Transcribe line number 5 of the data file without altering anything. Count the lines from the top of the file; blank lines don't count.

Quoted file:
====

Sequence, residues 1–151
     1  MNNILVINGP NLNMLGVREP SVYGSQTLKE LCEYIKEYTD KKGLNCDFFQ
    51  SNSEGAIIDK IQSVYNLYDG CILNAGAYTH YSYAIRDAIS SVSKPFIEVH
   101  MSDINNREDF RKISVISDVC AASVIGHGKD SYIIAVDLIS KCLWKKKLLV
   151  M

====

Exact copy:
   151  M